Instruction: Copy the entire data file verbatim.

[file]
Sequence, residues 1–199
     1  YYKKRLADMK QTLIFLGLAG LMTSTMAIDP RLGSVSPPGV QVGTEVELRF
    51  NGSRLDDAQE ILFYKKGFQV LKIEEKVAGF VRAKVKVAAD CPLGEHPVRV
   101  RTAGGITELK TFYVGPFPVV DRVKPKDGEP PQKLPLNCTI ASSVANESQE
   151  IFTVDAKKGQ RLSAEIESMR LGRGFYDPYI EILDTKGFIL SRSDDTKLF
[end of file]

Sequence, residues 1–199
     1  YYKKRLADMK QTLIFLGLAG LMTSTMAIDP RLGSVSPPGV QVGTEVELRF
    51  NGSRLDDAQE ILFYKKGFQV LKIEEKVAGF VRAKVKVAAD CPLGEHPVRV
   101  RTAGGITELK TFYVGPFPVV DRVKPKDGEP PQKLPLNCTI ASSVANESQE
   151  IFTVDAKKGQ RLSAEIESMR LGRGFYDPYI EILDTKGFIL SRSDDTKLF